Provisions in H.R. 722 and S. 368 are designed to ensure that workers receive a more complete picture of Social Security's financial future in their benefit statements. The proposed changes in the YSSS would inform workers about:
- How Social Security's projected financial difficulties could affect payment of their benefits. A general (and easily overlooked) paragraph on these problems is tucked away in a letter from the Social Security Commissioner, and the reference to Social Security's financial problems does not clearly state that these problems will affect the individual worker and his or her personal benefits. Under the Straight Talk bill, the YSSS would more clearly and directly inform workers that, although benefit estimates are based on current law, Social Security's financial problems could result in benefits that are less than that amount. The U.S. Department of Labor requires a similar disclosure of underfunded private pension plans; Social Security would simply be required to meet this standard.
- How Social Security's trust funds differ from private-sector trust funds. In its fiscal year 2000 budget document, the OMB explained that the Social Security "trust funds" do not contain stocks, bonds, or other assets that could be sold directly for cash. Unlike private-sector trust funds, the Social Security trust funds contain only IOUs that will have to be paid back with future taxes. As the OMB noted:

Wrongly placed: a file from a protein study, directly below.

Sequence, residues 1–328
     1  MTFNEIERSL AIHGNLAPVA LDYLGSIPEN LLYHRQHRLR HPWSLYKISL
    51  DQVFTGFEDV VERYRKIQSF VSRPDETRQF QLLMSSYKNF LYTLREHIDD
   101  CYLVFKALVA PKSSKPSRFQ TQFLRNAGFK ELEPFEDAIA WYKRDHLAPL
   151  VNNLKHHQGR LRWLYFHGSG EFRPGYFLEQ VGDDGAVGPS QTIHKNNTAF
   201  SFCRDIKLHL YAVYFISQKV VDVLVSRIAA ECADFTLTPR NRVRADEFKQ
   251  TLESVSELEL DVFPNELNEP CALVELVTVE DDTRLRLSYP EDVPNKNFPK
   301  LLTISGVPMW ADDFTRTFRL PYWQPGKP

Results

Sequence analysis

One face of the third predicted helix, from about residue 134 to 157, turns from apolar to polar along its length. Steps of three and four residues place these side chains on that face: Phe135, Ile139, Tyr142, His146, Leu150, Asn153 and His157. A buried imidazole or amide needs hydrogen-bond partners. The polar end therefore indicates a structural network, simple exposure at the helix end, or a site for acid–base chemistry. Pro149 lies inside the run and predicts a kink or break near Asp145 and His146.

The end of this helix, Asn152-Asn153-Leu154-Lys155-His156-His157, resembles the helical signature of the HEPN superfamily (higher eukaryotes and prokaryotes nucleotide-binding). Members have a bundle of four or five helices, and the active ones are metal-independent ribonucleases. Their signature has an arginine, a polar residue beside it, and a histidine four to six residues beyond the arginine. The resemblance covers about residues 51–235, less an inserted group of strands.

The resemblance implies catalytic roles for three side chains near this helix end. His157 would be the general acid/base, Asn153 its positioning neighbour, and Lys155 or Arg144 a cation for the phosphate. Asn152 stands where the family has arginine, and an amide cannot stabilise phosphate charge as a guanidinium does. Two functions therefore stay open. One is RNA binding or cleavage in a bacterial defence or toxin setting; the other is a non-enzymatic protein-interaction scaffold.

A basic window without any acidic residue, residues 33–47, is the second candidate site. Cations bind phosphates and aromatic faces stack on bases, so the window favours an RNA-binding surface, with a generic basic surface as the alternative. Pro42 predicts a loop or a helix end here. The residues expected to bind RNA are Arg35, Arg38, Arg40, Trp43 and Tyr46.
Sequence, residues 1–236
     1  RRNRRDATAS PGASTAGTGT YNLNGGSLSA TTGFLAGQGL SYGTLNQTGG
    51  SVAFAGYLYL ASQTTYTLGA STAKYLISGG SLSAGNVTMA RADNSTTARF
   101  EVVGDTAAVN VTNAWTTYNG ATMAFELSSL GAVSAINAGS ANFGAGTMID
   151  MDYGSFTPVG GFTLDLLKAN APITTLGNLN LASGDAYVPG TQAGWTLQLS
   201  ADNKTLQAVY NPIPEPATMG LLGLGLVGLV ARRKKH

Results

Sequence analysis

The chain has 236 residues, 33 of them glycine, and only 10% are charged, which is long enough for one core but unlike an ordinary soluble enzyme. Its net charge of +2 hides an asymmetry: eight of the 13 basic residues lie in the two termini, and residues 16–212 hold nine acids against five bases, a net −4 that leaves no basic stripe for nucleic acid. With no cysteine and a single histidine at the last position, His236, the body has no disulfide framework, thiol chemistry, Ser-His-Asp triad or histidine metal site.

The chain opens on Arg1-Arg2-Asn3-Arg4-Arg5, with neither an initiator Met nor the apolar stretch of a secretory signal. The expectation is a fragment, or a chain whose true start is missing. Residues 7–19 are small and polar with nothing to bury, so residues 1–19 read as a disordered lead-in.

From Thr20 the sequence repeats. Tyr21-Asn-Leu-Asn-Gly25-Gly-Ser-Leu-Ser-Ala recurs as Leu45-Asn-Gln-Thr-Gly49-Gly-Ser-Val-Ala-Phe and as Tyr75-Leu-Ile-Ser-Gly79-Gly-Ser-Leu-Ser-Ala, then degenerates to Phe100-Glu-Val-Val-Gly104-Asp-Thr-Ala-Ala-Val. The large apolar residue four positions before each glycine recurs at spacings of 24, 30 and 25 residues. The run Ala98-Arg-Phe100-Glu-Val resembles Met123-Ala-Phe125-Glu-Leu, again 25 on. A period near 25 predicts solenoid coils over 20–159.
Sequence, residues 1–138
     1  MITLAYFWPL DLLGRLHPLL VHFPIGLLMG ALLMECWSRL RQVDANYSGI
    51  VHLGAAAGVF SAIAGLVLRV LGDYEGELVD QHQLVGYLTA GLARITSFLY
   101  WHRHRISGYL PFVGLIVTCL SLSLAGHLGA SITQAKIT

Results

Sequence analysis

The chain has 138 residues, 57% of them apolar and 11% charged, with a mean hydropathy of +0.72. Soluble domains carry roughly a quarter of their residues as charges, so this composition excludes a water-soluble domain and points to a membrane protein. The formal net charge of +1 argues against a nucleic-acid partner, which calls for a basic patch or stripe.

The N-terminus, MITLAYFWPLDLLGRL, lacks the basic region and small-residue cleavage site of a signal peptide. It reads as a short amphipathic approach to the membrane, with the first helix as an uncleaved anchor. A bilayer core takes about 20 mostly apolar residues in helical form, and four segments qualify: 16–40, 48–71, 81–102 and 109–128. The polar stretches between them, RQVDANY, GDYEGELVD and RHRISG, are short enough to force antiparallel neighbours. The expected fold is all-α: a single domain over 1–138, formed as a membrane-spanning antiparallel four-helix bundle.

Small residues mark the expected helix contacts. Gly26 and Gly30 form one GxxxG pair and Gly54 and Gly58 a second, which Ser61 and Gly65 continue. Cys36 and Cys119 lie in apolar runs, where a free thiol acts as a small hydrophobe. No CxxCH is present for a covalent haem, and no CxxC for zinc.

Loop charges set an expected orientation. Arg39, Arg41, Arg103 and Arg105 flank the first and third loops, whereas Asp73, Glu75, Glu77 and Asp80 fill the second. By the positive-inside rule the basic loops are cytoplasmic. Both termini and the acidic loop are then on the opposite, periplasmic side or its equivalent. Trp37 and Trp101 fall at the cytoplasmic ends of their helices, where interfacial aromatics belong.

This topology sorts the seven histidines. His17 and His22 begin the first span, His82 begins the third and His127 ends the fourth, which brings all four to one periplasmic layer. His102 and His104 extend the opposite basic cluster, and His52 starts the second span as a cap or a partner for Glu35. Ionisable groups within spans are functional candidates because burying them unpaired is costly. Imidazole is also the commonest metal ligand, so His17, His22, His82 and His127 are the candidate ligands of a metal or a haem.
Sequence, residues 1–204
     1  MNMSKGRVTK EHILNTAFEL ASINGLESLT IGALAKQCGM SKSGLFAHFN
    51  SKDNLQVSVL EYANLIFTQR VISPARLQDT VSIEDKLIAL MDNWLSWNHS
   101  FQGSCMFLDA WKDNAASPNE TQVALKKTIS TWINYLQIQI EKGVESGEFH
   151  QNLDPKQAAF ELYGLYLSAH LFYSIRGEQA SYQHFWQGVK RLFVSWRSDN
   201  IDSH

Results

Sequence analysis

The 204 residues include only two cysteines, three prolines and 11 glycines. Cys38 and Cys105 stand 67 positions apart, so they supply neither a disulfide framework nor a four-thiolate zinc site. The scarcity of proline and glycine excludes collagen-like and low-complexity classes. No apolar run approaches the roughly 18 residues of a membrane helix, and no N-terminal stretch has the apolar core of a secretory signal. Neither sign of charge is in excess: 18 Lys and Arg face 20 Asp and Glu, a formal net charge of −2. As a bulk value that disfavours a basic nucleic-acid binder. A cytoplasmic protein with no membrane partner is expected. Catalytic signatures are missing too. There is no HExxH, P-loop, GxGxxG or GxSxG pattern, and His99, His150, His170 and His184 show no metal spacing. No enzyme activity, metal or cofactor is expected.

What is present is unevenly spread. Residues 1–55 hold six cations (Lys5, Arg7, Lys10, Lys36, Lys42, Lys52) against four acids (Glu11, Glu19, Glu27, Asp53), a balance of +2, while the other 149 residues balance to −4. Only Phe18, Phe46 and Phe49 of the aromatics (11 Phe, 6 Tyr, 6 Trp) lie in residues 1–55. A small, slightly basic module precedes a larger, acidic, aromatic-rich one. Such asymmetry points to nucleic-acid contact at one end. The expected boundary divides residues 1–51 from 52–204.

These balances are available to finance future benefit payments...only in a bookkeeping sense. They do not consist of real economic assets that can be drawn down in the future to fund benefits. Instead, they are claims on the Treasury that, when redeemed, will have to be financed by raising taxes, borrowing from the public, or reducing benefits or other expenditures.
- The estimated rate of return on Social Security retirement taxes paid. The Straight Talk bill would require that the YSSS include a chart that plots implicit rates of return by birth year. Similar to a chart found in the GAO's August 1999 report on Social Security's rate of return, this chart would illustrate that the rate of return from Social Security has been decreasing steadily and dramatically. Workers would see that, unless the current system is reformed, they can expect a lower rate of return on the taxes they paid than their parents and grandparents received. More important, they would see that their children and grandchildren will receive even less from Social Security in the future.
Conclusion. Working Americans should be told the truth about Social Security's financial future and its impact on the retirement benefits they can expect to receive. As taxpayers, they have a right to this information, which the Social Security Administration can provide to them at little or no cost. The additional facts required by H.R. 722, S. 368, and similar bills would go a long way toward enhancing the quality of the Social Security debate and enabling Americans to plan more realistically for their retirement years.
David C. John is Research Fellow in Social Security and Financial Institutions in the Thomas A. Roe Institute for Economic Policy Studies at The Heritage Foundation.